Society has classified AIDS prevalence as having a face of a woman, but in fact AIDS mortality has the face of a man.
Notwithstanding, 31 year old Piyo Malefula, says testing for HIV is a feminine phenomenon. “A man in his rightful senses cannot be enticed to go for testing,” he challenges.
Further, Malefula contests, “I cannot be told what to do by a woman. Most of these people who visit us to talk of HIV testing are women.”
Despite his reluctance to go for HIV Testing and Counseling Services (HTC), a research conducted in 2008 titled; ‘Engaging men in prevention and care of HIV/AIDS in Africa’ predicted that by this year, 2015, men will comprise 70% of AIDS-related deaths in certain high prevalence countries in Sub-Saharan Africa of which Malawi is part.
With such figures, why would a man oppose going for HTC services?
Julius Kamoto, of Murotho village in Traditional Authority Nkanda in Mulanje concurs with Malefula on why men shun HIV testing.
“I cannot go for testing because at the nearest clinic, most workers chat with people in this community. So I am afraid that once I go for testing they will publicise my results, whether am positive or not.” Says Kamoto.
The two assertions are not unique to Malefula and Kamoto. Most men have similar reasons for snubbing even general health services.
Although there’s this denial among men, it’s fallacious to deny the extent to which the HIV virus is ravaging our society. Almost every family is nursing pangs of the hurt brought by the walloping enemy.
Among the reasons for the futile endeavour being that when it comes to testing for the virus, it has largely been a woman’s show.
So why it is that women are more receptive to HIV/AIDS services than men?
Global Aids Interfaith Alliance (GAIA) Male testing Project officer, Mphatso Phiri, says the increase in the number of women as compared to men is due to the trapping channels which women are likely to fall into.
Among them he points out the antenatal and under-five clinics, which are a must for every woman during and after the gestation period. “The women are supposed to get tested before they receive any maternal health treatment. And this has had an impact in a way that the number of women being tested has tripled” says Phiri.
The compulsory HIV testing among pregnant women has also helped in decreasing the number of children born with HIV from positive living mothers.
In an era where the messages on prevention, contracting and caring of HIV patients have saturated our society, why would someone be against being tested?
Group Village Headwoman Kukada of Mulanje points out cases of male chauvinism as one factor discouraging men from getting tested.
She cites an example that most men in her area are family breadwinners and being found HIV positive undermines their role in society.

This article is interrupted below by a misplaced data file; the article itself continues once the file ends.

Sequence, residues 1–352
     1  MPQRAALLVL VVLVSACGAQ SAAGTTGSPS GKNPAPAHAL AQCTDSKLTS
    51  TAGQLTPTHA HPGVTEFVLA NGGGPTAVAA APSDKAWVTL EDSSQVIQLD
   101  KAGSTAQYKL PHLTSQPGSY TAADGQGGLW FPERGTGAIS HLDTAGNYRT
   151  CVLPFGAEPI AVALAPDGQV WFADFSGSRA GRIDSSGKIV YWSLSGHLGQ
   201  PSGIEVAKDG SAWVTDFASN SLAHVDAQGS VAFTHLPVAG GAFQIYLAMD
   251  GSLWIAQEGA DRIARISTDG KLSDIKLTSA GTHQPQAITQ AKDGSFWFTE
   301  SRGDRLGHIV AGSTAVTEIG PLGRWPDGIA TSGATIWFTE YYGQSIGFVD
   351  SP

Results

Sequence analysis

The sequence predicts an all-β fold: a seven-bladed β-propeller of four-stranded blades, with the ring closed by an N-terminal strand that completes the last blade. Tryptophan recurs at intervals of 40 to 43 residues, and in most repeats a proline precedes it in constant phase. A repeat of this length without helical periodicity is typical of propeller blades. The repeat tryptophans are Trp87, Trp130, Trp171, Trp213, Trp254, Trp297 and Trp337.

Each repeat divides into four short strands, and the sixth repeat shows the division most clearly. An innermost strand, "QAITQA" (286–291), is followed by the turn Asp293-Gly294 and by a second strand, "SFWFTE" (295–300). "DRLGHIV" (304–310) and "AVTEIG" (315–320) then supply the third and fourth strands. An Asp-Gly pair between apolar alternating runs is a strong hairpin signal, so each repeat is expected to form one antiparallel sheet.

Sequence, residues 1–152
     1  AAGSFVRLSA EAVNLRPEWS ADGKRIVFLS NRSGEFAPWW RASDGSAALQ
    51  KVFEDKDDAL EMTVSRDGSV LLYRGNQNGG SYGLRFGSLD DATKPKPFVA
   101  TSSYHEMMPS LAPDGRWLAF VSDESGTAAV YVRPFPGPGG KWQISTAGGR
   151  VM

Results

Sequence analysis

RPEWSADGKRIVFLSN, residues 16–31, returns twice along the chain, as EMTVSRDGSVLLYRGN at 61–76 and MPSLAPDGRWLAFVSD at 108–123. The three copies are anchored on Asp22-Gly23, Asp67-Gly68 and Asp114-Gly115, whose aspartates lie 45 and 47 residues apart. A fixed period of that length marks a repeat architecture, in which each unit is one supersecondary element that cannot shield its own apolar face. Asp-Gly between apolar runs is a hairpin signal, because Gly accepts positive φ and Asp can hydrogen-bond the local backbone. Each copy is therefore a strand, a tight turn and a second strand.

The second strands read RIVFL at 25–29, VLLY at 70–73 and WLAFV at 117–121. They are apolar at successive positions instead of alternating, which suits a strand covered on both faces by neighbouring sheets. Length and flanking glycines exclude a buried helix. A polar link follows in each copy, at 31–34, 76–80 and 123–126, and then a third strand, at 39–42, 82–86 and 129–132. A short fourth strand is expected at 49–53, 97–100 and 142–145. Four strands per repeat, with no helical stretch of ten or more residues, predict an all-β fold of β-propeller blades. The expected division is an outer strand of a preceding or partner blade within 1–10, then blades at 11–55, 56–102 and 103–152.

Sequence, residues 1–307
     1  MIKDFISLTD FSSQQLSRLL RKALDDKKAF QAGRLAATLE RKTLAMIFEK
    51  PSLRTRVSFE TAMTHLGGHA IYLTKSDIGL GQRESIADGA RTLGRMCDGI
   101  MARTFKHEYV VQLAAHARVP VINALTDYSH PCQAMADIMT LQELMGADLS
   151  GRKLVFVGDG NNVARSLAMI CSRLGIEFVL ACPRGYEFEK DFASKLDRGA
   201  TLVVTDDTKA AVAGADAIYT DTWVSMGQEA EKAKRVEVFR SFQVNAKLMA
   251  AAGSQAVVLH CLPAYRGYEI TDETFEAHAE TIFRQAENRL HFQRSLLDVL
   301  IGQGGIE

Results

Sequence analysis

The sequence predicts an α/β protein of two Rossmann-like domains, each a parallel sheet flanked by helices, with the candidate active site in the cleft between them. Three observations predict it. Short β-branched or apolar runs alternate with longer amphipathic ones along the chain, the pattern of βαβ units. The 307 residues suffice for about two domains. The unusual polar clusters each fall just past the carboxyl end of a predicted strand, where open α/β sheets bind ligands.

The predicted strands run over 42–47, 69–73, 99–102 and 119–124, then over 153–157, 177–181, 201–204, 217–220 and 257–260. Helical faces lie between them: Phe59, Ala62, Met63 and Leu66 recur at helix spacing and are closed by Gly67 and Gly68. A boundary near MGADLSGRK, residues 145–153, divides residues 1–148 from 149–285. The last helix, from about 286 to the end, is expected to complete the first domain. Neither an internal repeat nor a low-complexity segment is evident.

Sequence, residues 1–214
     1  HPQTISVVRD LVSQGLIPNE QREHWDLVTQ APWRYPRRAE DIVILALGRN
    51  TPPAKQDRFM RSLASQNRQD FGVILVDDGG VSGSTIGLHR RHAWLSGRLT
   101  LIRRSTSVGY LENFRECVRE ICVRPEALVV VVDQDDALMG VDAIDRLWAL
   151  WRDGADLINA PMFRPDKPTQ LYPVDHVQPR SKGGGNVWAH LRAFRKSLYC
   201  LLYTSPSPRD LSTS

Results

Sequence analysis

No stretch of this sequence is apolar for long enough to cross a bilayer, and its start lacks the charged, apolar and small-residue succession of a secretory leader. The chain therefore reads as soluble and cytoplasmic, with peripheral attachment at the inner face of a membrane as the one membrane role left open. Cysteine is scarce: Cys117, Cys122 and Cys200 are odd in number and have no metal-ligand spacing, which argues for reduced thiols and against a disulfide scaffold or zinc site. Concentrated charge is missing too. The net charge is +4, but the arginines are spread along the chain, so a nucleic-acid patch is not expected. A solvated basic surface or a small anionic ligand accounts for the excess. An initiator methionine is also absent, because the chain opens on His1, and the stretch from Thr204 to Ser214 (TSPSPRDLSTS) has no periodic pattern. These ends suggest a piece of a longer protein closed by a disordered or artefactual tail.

“Our society has bred a fear in most men that being seen at HIV testing sites one is classified as promiscuous. And this forces most men not to go for testing” says Kukada.
Kamoto concurs with her, “Once found HIV positive, there’s always a fear by many men that they will be incapacitated and hence be unable to provide for their families. And this raises fears of stigmatisation and in turn render them to being a laughing stock in the society” explains Kukada.
In a survey conducted by the GAIA in Mulanje district in 2013, it found that out of every 100 people that were being tested at their mobile HIV testing centres, 80 were female, while 20 were male.
In response to the dismaying figures, GAIA launched its special men testing project with funding from the Elizabeth Taylor AIDS Foundation covering 30 villages in Mulanje district.
The project’s manager points out that his organisation started weekend testing targeting men who are often shy to go in public places for testing and it has been a success.
This is evidenced by the number comparison of men who patronised GAIA’s mobile health clinics and those who attended the special weekend testing over a period of 10 months. 350 men got tested with the mobile health testing while the number tripled to over 1000 with the introduction of the special weekend testing for men.
Nevertheless, Phiri says the greatest challenge amongst many men, is not only the lack of male counsellors, but also the myths associated with going for HIV testing.
The project which is being implemented in all the six Traditional Authorities in Mulanje district, aims at creating a friendly environment for men to go for HTC services.
Has the special weekend testing been of benefit to the men?
Kamoto, 55, a father of eleven, says prior to the weekend testing many men shunned testing as the centres are crowded with women. But now with the weekend reserved specially for men, it’s an ease for them to go for testing.
“As we speak, almost every man in my community has been tested. When the testing team arrives on weekends, we have had some days when time forces them to stop testing while other men are still on the queue. Men have been empowered for testing through this program.” Says Kamoto.
The positive response from Mulanje points to one fact; if getting to zero in the fight against HIV/AIDS is to be attained, partnering the man is not an option.